3. RTFM—Read The Flaming* Manual. Scrivener gives you the option to do this, each time you open the package. Interactive and video tutorials are provided as well, in case you’re the type of person who needs to see things being done, rather than simply reading how-to manuals. If you need more help, Scrivener For Dummies, written by Gwen Hernandez is an invaluable book. When I started out, the only problem I had with this book was the same one I have with every other trouble-shooting system for computing. You need to know the exact questions to ask the index, and the terms to use. Tinkering (see Tip 1, above) and then looking up the effect I achieved in the index of this book got me there in the end. I’ve covered my own copy of Scrivener For Dummies with notes (and the two vital components of my writing life, tea and cake). Gwen Hernandez also has loads of useful tips in her online  Scrivener Corner (and you don’t have to peer past cake crumbs to see them). 

Have you tried working with Scrivener? What’s your favourite tip?

* other words beginning with F are available…

Blog, Extract, Writing

Summer Sunshine For A Wintry Day

Find out more at My Dream Guy

How is your weekend going? Will you be going back to work with a smile, or a scowl? If this cold snap makes your next holiday seem a long way off, treat yourself to my short summery romance, My Dream Guy.

It’s only £1.99 ($2.77) and you don’t need a Kindle to read it. Whatever your device, whether it’s desktop, laptop or handheld, Amazon has an app that will let you read My Dream Guy. It doesn’t matter whether you use Windows, Mac, iPod Touch, iPad, iPhone, Android, Windows Phone 7 or BlackBerry.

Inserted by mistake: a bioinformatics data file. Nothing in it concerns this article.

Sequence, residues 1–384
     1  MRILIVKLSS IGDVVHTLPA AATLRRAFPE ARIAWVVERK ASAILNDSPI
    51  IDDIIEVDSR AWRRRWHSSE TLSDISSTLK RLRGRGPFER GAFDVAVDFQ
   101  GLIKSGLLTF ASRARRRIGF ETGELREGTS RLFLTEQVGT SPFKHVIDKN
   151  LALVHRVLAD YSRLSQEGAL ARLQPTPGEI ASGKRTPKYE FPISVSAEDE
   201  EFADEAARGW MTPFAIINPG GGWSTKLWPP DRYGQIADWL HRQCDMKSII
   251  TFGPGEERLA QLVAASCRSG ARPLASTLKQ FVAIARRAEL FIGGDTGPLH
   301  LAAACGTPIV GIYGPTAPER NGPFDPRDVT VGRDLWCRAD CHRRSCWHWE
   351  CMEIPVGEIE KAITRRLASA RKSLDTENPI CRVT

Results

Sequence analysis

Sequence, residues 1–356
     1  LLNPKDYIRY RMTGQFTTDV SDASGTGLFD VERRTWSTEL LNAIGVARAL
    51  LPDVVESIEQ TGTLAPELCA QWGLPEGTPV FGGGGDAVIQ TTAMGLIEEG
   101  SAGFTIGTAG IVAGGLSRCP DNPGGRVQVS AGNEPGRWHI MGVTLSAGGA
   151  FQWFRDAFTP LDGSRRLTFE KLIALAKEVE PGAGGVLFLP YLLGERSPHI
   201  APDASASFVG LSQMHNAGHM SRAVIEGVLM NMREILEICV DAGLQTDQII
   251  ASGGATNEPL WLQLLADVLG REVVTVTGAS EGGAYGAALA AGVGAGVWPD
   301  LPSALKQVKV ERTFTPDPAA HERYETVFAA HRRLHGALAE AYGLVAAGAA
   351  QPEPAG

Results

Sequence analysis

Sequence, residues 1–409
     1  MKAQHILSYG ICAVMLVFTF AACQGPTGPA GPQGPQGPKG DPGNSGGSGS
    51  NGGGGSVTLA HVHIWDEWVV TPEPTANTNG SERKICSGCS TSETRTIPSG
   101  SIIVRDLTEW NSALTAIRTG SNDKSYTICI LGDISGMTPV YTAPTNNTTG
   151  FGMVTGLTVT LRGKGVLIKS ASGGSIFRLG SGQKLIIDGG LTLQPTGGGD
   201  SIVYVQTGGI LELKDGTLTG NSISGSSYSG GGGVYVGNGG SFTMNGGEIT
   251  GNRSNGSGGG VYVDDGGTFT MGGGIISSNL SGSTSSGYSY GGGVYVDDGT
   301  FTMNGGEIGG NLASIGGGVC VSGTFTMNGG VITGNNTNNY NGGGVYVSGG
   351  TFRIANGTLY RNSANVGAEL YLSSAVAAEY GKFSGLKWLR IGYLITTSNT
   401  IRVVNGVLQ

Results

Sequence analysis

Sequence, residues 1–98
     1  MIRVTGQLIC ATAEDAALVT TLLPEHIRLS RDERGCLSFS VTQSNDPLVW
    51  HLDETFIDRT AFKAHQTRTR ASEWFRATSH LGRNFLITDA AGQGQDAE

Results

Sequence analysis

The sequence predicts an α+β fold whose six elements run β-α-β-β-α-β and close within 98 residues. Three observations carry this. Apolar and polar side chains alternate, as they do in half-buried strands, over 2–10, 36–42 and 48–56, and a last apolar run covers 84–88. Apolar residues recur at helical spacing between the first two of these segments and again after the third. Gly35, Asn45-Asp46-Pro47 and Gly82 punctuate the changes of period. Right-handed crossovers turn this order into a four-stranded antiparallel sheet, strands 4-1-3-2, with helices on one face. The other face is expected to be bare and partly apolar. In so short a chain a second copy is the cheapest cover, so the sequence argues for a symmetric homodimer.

My Dream Guy is a story of lost love, past and present. All the fizz has gone out of Emily’s romance with Jack. Will their holiday at Feinwen Farm save the day? Or will the bronzed farmer who bewitched her there when she was a teenager sweep her off her feet a second time?

In the little taster that follows, Emily has dragged herself into work after a terrible weekend. She’s not looking forward to her working week—but things are going to get a lot worse for Emily before they get better!

…As I talk, Grace looks more and more thoughtful. It’s obvious she wants to say something, so I go quiet. If you ever want someone to spill the beans, try the silent treatment. Most people can’t resist filling the void with the sound of their own voice. Grace is no exception. She picks up a pencil, and twiddles it between her fingers. All the time her brow is wrinkling.
‘Em…I never thought I’d say this about Jack, of all people…but you don’t suppose…’ she looks up at me from under her brows. It’s like she’s trying to get me to join the dots, but she’s the only one with a pencil.
‘You don’t think he’s got…’ she swallows, then purses her lips so her next words sidle out in a whisper, ‘another woman?’
‘Jack?’ I squeak. My Jack? My sweet, funny, gorgeous, guy? But he can’t be carrying on with somebody else-he’s my perfect man!
‘Don’t look like that. You’ll get frown lines.’ She says, as though all her fooling around (especially on Saturday nights) hasn’t been the cause of scars in the past.
If Jack is seeing someone else, that would explain all his recent “business trips”. During the week, if he’s not working late, he’s charging all over the country on site visits. I spend half my time missing him, and the other half wondering where the magic went as he nods off in the back row of the movies yet again. I mean, how can anyone get so tired they sleep straight through Fury Road? And when we’re together and Jack manages to stay awake, there’s the chirrup of his blasted phone coming between us whenever things are about to get interesting, if you know what I mean.
Yes…if Grace is right and Jack has got someone else, it would explain a lot…

Download My Dream Guy now, to find out what happens next!